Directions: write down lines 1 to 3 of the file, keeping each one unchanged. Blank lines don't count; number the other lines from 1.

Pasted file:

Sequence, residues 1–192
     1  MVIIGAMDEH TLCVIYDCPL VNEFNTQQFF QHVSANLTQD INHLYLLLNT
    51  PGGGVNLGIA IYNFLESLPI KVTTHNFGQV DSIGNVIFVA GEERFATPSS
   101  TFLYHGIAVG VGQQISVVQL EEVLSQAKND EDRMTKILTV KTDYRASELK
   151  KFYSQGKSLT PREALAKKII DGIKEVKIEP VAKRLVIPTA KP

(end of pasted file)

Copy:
Sequence, residues 1–192
     1  MVIIGAMDEH TLCVIYDCPL VNEFNTQQFF QHVSANLTQD INHLYLLLNT
    51  PGGGVNLGIA IYNFLESLPI KVTTHNFGQV DSIGNVIFVA GEERFATPSS